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It is common for people to not know what to expect regarding bail bonds until they or a loved one is arrested. As such, they often ask the same questions about bail, the bonding process, how to get in touch with a bail bondsman, and the associated costs. Here, we attempt to provide answers to FAQs for bail bonds.

The bail bond system arises out of common law. The posting money or property in exchange for temporary release pending a trial dates back to 13th century England. The modern commercial practice of bail bonds has continued to evolve in the United States while it has since ceased to exist in most modern nation-states.

Favorite Asked Questions

Everything you need to know about bail bonds and posting bail.

What is bail?
Bail is the means of procuring the release from custody of a person charged with a criminal offense.
What happens at arraignment?
An arraignment is when the accused is brought before the court and charges are read. The defendant pleads guilty or not guilty, and the judge then decides the amount of bail to be set according to a Bail Schedule. In some cases, such as capital felonies, bail may not be granted.
What is a cash bond?
Bondsmen are not used for cash bonds. The court MAY refund the full amount paid to the guarantor at the final disposition of the case. Note if the defendant fails to appear the entire amount will be forfeited.
What is a surety bond?
A surety bond is the most common bail bond. A professional bail bondsman guarantees the appearance of the defendant through an insurance agency (surety). The bail bondsman is paid a fee for his service and may require collateral (property) from the person posting bail.
How is the amount of bail set?

Judges no longer use a bail schedule. Judges sets the amount of bail depending on the seriousness of the charges, criminal history, risk of flight, and ties to the community.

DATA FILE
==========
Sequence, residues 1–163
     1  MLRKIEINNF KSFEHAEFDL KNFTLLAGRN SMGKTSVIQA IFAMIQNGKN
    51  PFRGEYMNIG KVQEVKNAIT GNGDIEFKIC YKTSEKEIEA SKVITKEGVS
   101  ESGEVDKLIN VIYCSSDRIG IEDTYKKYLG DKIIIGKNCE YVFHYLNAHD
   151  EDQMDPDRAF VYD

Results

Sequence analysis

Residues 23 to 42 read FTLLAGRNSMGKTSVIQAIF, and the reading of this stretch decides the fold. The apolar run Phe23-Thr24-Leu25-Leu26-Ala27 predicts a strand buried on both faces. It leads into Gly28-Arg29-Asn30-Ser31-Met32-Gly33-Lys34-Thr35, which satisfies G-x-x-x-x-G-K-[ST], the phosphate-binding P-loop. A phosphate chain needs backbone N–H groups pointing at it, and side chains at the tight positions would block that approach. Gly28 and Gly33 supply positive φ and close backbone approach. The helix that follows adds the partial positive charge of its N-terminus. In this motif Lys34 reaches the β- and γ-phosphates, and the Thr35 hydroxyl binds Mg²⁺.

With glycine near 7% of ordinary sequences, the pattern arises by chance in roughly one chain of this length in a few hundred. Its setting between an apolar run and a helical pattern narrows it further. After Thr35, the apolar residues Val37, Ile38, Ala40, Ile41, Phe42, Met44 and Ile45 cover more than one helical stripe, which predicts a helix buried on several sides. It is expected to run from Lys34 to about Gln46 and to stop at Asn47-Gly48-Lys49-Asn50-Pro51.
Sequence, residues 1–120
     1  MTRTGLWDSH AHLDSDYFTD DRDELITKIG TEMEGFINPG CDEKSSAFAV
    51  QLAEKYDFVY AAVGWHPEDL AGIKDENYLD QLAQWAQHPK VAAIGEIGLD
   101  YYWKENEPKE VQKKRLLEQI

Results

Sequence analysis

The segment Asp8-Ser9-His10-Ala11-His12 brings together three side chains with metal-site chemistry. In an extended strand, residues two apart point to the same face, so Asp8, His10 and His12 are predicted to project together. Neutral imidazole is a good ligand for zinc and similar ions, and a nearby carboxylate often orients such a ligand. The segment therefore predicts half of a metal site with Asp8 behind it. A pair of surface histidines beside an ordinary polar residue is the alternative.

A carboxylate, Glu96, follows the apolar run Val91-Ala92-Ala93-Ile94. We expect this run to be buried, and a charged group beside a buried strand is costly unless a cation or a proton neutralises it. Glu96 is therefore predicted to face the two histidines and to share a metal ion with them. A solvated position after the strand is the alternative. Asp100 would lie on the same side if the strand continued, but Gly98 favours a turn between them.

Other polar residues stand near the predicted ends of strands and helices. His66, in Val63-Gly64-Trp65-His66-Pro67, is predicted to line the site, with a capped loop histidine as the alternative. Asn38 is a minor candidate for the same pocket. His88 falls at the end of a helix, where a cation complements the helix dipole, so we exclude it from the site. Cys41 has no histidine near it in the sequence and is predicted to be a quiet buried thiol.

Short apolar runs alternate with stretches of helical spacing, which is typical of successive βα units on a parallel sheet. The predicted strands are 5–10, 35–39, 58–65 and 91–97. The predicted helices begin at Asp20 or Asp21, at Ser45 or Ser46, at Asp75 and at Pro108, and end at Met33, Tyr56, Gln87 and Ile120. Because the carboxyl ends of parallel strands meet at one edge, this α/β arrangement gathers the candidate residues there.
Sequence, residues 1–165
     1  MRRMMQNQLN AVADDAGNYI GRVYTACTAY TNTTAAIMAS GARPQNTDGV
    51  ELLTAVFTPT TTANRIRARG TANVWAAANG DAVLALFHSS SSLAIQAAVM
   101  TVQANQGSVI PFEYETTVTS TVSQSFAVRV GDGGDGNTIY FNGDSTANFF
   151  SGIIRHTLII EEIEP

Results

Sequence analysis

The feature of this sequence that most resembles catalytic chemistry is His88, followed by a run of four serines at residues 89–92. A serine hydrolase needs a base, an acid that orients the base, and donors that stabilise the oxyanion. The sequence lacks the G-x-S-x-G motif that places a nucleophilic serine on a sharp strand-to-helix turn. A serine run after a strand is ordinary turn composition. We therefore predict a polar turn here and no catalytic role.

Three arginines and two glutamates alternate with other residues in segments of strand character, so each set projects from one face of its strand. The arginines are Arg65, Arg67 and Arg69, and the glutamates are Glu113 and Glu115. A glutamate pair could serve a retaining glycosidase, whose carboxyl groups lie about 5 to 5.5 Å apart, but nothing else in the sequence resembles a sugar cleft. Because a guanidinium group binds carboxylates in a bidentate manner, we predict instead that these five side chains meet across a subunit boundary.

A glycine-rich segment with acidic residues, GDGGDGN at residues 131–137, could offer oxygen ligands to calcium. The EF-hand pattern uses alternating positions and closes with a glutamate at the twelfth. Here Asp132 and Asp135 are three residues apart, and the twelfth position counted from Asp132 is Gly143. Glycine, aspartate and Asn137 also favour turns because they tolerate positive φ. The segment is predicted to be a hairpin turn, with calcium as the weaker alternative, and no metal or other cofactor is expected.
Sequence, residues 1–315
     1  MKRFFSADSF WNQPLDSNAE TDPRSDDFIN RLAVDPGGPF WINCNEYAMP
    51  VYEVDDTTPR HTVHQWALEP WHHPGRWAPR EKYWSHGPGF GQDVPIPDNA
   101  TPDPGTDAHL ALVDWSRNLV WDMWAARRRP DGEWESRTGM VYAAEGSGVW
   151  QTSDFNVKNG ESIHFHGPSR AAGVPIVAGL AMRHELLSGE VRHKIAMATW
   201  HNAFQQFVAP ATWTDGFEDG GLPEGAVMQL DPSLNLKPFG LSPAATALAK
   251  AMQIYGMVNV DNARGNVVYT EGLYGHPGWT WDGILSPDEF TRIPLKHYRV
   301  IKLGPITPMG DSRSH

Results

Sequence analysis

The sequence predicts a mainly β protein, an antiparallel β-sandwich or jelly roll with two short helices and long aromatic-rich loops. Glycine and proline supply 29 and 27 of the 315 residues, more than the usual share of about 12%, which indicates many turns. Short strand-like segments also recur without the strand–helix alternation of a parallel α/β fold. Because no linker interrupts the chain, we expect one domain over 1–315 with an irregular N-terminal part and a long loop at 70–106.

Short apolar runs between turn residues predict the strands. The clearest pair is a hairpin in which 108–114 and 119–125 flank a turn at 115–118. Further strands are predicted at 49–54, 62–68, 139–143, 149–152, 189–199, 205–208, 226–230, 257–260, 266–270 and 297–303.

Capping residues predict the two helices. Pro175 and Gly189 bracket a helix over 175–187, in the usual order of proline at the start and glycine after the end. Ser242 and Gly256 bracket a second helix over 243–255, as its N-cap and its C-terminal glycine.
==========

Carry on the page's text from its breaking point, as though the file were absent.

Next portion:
What happens if the arrestee fails to appear in court?

The court may issue a warrant for the defendant’s arrest, resulting in a separate charge, “failure to appear”. The order to arrest MAY be set aside at a later date due to extenuating circumstances such as: death, a major illness, or detention by law enforcement.

What is a bounty hunter?

The guarantor of the bond is also the indemnitor of the bond and has agrred to pay any costs and fees associated with non-appearance at court including the cost of arrest by a bounty hunter.

What happens if bail is paid and charges are dismissed?

The fee paid to the bonding agency is nonrefundable. At the dismissal of charges the bond becomes void and collateral pledge will be returned within 30 days as provided by local bail bond board rules and upon written notice.

How long does it take to get out on Bail?
The paperwork takes approximately 15-30 minutes. The release time after the jail receives our paperwork is generally 1-3 hours or less for local police stations and 3-8 hours for county jails. Generally speaking, the busier the holding facility, the longer it takes.
Who is liable for the bail bond?
The Indemnitor (co-signer) is financially liable for the bail bond. The indemnitor’s liability is limited to the full face value of the bail bond plus all cost in the re-arrest.

“We will always remember that our clients are innocent until proven guilty and that they deserve to be treated with courtesy and dignity.”

Liberty Bail Bonds

Contact a bail bond agent today!

Office: (817) 759-2663

Fax: (817) 759-1650

libertybailbonds3545@gmail.com

Tarrant County License #245

Agent for Lexington National Insurance

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